One of its biggest weaknesses is the complete absence of a strategy to prevent the loss of standing forests. While the MoEF formulates greening programmes, the Government of India is busy de-greening India. Between 1999 and 2007, about 50,000 ha of forest land, some of it withgood standing forests, wasdiverted annually to non-forest use. The rate of diversion of forest land went up substantially in the late 1990s and the 2000s, compared withthe 1980s and the early 1990s. In the 30-year period since the Forest Conservation Act, 1980, came into force, well over half the total diversion took place in the new millennium. This is only the legally permitted diversion; how much more is illegally deforested in the vast areas under illegitimate mining, logging, and so on, is anybody's guess.

If the ultimate objective of any green India mission is to help counteract climate change and its impact, surely it is important to conserve what still exists while also regenerating what has been degraded. The GIM document focusses on the latter, ignoring the former. In so doing, it also relies on the tired old arguments about degradation caused by grazing andbiotic pressures, ignoring among other things the massive degradation and total loss caused by dams, mining, pollution, urbanisation, timber logging, and so on. Note also that a lot of the forest thus lost hassubstantially more biodiversity and ecological values, having grown for thousands of years, than a regenerated or planted forest can ever hope to have.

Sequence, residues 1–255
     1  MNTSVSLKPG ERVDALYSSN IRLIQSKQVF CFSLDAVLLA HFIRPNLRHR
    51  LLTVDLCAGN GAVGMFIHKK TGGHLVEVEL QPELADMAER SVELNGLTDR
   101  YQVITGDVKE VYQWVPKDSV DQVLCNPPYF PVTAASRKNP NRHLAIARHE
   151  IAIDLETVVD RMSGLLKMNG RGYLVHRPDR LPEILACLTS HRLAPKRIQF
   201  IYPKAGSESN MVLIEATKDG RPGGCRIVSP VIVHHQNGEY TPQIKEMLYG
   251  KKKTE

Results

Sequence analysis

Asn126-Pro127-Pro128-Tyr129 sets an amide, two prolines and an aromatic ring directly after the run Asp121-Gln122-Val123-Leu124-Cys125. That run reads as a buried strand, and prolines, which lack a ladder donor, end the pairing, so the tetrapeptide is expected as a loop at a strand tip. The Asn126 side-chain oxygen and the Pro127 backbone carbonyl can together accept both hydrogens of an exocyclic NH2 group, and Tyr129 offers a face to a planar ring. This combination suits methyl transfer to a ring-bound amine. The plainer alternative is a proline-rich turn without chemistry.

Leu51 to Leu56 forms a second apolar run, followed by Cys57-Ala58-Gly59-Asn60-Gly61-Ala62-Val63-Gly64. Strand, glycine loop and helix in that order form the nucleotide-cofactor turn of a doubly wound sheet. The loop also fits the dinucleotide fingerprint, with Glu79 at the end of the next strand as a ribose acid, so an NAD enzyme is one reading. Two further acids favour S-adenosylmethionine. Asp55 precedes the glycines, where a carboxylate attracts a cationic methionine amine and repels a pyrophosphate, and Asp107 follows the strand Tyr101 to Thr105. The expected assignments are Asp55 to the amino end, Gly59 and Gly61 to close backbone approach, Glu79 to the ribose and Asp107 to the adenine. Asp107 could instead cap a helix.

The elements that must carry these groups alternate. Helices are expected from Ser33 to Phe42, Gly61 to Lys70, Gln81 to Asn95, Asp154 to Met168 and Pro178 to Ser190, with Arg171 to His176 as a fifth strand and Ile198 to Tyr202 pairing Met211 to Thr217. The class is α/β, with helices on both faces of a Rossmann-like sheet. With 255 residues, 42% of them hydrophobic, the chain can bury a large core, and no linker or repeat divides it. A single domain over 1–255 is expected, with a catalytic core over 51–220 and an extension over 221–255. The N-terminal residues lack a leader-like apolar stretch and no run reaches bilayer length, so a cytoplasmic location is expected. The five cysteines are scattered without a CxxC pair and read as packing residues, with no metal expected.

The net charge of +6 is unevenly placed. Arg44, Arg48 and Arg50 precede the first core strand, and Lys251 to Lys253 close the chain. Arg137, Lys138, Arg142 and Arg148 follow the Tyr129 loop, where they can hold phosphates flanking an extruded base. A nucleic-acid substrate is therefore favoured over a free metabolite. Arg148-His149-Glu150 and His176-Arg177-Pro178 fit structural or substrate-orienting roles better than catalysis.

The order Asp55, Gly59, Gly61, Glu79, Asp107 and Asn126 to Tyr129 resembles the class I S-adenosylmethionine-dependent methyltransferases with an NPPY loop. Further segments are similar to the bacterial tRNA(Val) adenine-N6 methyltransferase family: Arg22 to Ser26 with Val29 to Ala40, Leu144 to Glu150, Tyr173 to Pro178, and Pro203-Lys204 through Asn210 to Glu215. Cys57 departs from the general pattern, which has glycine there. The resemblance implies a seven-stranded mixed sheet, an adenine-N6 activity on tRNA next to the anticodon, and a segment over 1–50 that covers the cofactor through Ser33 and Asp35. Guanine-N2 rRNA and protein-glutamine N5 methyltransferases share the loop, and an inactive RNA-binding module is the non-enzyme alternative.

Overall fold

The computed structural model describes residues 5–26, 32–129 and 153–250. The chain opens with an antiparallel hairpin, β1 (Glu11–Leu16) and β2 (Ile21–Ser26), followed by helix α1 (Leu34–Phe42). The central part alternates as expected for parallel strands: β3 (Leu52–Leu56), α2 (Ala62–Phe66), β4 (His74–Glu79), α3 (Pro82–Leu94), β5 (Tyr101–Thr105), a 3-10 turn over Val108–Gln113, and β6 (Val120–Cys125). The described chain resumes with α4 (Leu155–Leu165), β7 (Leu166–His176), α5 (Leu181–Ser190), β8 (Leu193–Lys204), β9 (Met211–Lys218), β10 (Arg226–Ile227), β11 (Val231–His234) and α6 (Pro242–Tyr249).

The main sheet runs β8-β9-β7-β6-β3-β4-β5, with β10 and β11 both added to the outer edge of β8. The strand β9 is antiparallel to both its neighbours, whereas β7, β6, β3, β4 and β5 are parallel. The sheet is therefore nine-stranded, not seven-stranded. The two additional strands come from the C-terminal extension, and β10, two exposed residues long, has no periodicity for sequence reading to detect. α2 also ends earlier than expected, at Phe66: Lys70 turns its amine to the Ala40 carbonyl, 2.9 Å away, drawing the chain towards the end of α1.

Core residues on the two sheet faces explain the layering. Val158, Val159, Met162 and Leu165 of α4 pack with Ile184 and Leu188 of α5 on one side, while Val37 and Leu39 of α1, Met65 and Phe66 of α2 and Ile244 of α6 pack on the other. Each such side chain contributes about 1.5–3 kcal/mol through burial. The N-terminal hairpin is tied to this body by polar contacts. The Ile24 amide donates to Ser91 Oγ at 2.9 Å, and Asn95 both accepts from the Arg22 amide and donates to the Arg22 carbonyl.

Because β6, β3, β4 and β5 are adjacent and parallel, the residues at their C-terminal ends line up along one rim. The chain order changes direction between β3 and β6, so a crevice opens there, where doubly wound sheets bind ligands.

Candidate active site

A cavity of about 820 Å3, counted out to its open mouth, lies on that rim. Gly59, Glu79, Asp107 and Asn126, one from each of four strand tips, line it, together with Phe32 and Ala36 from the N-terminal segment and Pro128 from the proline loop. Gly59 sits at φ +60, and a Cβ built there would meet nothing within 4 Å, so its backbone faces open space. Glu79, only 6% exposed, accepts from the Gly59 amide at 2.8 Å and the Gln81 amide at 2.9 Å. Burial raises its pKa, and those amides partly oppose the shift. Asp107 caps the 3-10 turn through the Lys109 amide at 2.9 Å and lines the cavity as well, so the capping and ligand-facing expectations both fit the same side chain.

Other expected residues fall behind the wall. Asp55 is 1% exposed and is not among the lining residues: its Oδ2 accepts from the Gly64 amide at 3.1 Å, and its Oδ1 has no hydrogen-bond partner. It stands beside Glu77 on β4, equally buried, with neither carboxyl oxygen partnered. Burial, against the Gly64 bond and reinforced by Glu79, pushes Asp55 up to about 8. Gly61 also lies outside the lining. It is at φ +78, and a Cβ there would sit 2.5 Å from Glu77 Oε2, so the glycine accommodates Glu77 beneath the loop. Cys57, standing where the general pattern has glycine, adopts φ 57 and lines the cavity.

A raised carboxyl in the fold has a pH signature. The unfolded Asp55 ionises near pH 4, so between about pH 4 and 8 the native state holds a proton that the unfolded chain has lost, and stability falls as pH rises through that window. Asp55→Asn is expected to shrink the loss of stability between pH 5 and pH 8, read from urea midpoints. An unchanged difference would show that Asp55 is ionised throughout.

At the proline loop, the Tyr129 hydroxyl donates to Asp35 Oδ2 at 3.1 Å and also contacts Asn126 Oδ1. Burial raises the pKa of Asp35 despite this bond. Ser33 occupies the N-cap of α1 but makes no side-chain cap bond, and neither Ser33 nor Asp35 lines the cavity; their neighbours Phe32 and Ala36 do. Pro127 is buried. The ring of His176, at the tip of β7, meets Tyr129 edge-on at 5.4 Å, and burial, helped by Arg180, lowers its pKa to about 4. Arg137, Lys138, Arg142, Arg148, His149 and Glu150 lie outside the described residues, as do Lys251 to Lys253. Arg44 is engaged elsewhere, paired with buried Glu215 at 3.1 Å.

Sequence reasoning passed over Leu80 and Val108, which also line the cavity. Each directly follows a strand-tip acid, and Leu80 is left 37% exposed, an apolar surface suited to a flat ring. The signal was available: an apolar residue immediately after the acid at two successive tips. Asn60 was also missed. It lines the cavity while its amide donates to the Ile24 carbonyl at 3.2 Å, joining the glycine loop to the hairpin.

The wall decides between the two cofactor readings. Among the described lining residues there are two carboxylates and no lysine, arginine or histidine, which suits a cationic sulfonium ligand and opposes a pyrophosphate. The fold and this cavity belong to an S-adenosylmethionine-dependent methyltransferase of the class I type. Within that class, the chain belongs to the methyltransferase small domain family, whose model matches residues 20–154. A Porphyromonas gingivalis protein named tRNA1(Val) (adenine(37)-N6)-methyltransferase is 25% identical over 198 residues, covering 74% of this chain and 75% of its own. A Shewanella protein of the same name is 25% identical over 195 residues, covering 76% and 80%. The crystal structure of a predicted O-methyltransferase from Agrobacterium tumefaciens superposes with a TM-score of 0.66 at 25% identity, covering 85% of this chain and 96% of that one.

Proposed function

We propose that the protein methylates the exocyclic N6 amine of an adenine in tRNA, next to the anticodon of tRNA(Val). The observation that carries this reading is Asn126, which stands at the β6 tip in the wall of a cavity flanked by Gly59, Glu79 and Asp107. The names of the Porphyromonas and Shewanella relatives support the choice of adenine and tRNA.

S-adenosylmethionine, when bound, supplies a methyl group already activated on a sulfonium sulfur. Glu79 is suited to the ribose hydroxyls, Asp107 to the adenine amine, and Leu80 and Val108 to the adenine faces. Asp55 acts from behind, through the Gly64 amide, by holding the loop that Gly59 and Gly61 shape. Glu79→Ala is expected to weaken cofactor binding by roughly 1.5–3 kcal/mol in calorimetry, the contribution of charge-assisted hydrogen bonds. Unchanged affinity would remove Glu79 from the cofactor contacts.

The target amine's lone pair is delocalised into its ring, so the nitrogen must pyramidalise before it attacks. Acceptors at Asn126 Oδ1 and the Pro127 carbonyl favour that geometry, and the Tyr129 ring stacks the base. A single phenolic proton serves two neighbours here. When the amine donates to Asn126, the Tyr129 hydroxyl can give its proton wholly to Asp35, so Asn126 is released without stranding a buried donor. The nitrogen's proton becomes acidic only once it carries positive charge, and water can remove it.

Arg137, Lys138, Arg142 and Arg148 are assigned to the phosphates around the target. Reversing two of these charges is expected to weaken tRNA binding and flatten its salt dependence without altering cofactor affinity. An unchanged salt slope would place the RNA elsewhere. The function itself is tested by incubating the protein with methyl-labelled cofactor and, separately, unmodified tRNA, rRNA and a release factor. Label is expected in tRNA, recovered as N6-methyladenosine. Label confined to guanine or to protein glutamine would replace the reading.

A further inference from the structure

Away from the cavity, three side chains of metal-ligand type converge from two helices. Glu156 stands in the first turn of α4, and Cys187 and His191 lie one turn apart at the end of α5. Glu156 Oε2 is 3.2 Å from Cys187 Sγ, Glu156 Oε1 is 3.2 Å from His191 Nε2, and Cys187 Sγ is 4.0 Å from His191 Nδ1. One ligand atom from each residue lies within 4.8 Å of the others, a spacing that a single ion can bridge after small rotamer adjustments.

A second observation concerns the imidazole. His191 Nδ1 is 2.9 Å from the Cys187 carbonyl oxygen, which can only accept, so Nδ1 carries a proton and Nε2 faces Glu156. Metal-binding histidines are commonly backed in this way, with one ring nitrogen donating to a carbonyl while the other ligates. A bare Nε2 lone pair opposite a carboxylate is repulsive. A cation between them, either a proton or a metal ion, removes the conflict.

The GIM document has calculations on how much additional carbon sequestration will be achieved by its various activities but none on how much emissions are caused by current deforestation due to the above-mentioned processes and how this could be reduced or eliminated. It seems a rather strange strategy to continue losing existing carbon stocks on the one hand and try to add carbon stocks on the other.And this does not even take into account the loss of biodiversity and livelihoods that such deforestation or forest land diversion entails, which is far more serious and cannot be compensated by regeneration or fresh afforestation.

At the Pune consultation on the GIM, Jairam Ramesh said that halting the de-greening of India wouldbe a major plank of the climate action plan. Whether he will succeed in keeping his promise will become evident in the next few years. The GIM's second major weakness could be governance. One key problem ofthe previous greening programmeswas the failure to make them truly grass roots-based by empowering local community institutions instead of leaving the powers in the hands of the forest bureaucracy.

Communities have been involved in various plantation and protection activities but the decision-making has not been shared, and often the promised benefits have not reached the people, resulting in low stakes and sustainability. In a welcome move, the GIM document lays stress on village-level institutions as a basic unit for planning and on integration at the landscape or sub-watershed scale. It argues for the primacy of the gram sabha. But it does not take this to its logical conclusion.

It needs to specify that the gram sabha should be the assembly of all adults of a settlement, maximising chances of popular participation. It needs to further mandate the empowerment of institutions not only at the village level but also at larger, landscape level, that emanate from the gram sabha. Instead,it relies on bureaucratic institutions such as forest development agencies, dominated by the Forest Department. Funds are proposed to be routed through such bodies, and though there is an indication that these institutions will be revamped, it is not clear how they will be made more democratic. Moreover, the mission's overall governance remains top-heavy and bureaucratic.